DUBAI : Throughout history food has always been a powerful convener – bringing people together over a meal is as old as time itself. In the modern world, trade has been fundamental in introducing people to new and wonderful cuisines and products from far away origins.
From Halloumi to honey, across Europe and Russia, DP World is moving some of the world’s most loved foods, connecting producers to prosperity, and forks to delicious bites.
Food is for more than nourishment, it is an essential expression of the people, land and culture that make it. Nothing can be a better expression of the people of a nation than the traditional foods that have been made using ingredients that naturally grow on that land and perfected over centuries by the people that lived there.
Keeping these traditions alive is important for preserving culture. One of the ways that these traditional crafts can be preserved is through trading with nations around the world – boosting the profitability of making these products by increasing the size of the market.
Cypriot Halloumi, a semi-hard cheese with a hallmark squeaky texture that dates to the Medieval Byzantine period between 400-1200 AD, is a prime example of how trade has preserved a traditional product.
Made of a specific combination of goat and sheep milk, Halloumi has a high melting point which means that it can easily be fried, grilled or barbequed – and can be a mouth-watering vegetarian centre point of a dish.
This year, the European Union awarded the product the prized ‘Protected Designation of Origin’ (PDO) status – meaning that a cheese of its kind can only be called ‘Halloumi’ if it is produced in a particular way and only in Cyprus. It protects Halloumi against imitation and misuse of the name across the European Union. Halloumi is also a registered trademark in the United States.
The cheese has quickly grown into a favourite around the world, with the global market for it growing to €224m in 2019 – up by 43% compared to only two years earlier. Dairy makes up approximately a quarter of Cypriot exports, with Halloumi being the single largest dairy product. In fact, the squeaky cheese is Cyprus’ second most valuable export after pharmaceuticals.
DP World Limassol is one of the country’s major handlers of Halloumi shipments, which is also known as Hellim in Turkish and Χαλλούμι (Halloumi) in Greek.
These trading and shipping facilities provide an essential service that makes sure the global consumers can take a bite of the most famous cheese in Cyprus.
And elsewhere in Europe, a food product used across cultures, honey, is being produced in droves in Ukraine. As one of Europe’s largest producers of the sugary-sweet product, the honey industry is an important employer in Ukraine.
Honey is an incredibly versatile ingredient used in products around the world. And with a heritage of beekeeping in Ukraine, the high volume of honey export keeps this traditional industry booming – while also keeping diners around the world satisfied.
Due to the transhipment of honey, DP World TIS Pivdennyi is an important channel connecting the second largest honey producer in the world, Ukraine, with buyers around the globe.
Not only does DP World handle outward shipment, but it also is supporting global food industries to bring their products to Europe – and delicious bites to happy mouths.
For example, 95% of all citrus fruit trade between South Africa and the UK is handled at DP World London Gateway.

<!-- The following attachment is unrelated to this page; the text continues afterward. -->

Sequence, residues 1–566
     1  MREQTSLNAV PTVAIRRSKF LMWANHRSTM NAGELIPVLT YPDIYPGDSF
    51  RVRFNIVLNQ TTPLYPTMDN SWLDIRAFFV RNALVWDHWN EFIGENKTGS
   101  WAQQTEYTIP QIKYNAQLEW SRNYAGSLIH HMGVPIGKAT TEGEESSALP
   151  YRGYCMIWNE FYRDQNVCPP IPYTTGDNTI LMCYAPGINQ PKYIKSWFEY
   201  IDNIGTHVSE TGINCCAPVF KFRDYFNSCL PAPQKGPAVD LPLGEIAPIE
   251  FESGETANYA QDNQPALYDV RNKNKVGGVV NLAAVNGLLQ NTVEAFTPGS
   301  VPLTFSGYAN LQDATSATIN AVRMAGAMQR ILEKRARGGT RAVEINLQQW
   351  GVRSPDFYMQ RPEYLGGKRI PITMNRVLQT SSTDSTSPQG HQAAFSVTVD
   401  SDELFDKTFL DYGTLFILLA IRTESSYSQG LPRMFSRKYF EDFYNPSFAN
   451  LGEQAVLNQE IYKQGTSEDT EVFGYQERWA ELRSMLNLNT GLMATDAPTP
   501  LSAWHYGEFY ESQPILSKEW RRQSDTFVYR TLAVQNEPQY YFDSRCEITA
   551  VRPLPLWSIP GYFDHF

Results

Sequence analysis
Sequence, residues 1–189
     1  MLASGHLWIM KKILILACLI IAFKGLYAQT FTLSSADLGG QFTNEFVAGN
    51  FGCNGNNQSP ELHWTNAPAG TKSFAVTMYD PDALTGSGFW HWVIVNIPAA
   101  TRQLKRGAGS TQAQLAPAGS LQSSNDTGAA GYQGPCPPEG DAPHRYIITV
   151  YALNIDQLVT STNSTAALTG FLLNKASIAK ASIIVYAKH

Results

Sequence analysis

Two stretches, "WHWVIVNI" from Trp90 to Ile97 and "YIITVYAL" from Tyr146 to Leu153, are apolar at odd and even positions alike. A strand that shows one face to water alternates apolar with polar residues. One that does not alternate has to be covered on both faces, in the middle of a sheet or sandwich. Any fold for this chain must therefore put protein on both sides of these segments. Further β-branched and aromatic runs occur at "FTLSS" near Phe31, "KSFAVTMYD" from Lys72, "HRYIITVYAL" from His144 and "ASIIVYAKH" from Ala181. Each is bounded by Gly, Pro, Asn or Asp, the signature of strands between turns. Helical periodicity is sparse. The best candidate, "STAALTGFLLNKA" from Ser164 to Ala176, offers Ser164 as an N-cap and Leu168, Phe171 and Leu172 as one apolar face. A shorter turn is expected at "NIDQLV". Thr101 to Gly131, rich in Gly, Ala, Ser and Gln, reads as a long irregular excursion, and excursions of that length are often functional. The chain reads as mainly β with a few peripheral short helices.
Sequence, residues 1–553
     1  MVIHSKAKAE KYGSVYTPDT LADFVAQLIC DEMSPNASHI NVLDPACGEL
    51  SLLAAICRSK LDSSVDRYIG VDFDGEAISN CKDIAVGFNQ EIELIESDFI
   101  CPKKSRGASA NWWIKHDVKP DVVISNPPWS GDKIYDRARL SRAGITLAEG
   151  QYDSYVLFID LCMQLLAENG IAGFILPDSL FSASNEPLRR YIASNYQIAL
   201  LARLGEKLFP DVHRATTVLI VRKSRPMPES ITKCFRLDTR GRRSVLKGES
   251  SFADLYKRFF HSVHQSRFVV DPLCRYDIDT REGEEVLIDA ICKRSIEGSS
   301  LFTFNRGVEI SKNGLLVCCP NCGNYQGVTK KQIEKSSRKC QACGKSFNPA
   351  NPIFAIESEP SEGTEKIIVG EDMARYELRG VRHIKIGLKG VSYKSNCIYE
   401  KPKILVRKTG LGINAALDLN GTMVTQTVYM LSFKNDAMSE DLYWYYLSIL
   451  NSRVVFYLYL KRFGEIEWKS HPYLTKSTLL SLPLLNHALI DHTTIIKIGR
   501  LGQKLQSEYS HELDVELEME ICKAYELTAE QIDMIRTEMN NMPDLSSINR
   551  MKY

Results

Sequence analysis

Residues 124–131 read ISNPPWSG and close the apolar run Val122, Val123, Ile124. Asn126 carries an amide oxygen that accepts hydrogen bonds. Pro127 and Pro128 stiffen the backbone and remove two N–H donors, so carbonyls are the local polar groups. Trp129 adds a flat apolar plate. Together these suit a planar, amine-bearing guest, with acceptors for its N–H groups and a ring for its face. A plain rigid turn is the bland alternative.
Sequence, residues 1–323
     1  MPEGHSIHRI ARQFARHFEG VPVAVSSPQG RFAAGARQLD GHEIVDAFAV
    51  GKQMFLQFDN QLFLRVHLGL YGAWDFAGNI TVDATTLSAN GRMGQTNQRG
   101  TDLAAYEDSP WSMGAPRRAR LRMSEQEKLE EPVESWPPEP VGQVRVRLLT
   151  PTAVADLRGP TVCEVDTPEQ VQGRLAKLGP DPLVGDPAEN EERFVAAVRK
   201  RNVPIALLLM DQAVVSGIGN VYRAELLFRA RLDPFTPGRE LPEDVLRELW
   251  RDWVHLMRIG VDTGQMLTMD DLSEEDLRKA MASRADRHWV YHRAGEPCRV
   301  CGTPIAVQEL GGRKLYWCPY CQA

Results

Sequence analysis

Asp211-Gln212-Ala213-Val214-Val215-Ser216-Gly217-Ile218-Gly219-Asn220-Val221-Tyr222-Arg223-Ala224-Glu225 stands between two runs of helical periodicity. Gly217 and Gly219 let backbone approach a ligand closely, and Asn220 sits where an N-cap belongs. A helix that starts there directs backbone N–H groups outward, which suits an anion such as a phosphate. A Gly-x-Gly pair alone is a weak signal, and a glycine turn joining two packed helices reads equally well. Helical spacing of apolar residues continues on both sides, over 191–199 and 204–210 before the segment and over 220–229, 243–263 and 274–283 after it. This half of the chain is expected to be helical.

Citrus is the largest fruit export of South Africa, and the country is the largest citrus exporter in all of the Southern Hemisphere with 143.3m cartons of it shipped last year – a 13% increase on 2019. The UK buys 9.5% of all citrus exports from South Africa, the country’s second largest market after the Netherlands and ahead of China.
With the different seasons in the UK and South Africa because of one being the Northern Hemisphere and the other the Southern Hemisphere, a flow of lemons, limes and oranges comes to Britain even in the dreary colder months.
This is important to Europeans in the winter as they celebrate festive traditions. Whether for leaving a clementine in a Christmas stocking, or adding candied orange peel to the figgy pudding, the movement and trade of these products is keeping traditions alive – all while also benefitting the citrus groves and growers of South Africa.
And across the English Channel, DP World-owned Unifeeder controls the distribution of bananas from Central America to Norway, Sweden and Finland via our location in Vlissingen in the Netherlands. Unifeeder processes approximately 6000 containers full of bananas each year.
As with any perishable product, freshness and keeping it cold are paramount and there is little room for delay in the shipping process.
In order to ensure that perishable goods are kept in their best condition, our cold chain terminals across Europe have developed efficient solutions to ensure goods are kept at their freshest.
Having a regularly scheduled shipment is key. For example, at Vlissengen, having a planned day for banana delivery is of vital importance for maximising shelf life at grocers.
At DP World Antwerp there are special ‘green lanes’ that prioritise perishable products. These lanes allow for a speedy pick up from local truck drivers to make sure fresh products stay that way. And at DP World London Gateway, state-of-the-art border control facilities help to speed up processing time – and port-centric cold-chain warehousing helps to make the transportation of perishables more efficient, locking in freshness.
Making sure that the right processes, infrastructure and trading lines are in place so that this exchange of food can take place is a high-stakes task. Moving our favourite products between their origin and destination is an important tool of cultural exchange and economic prosperity. Getting it right and facilitating its flow is of essential importance to livelihoods and appetites around the globe.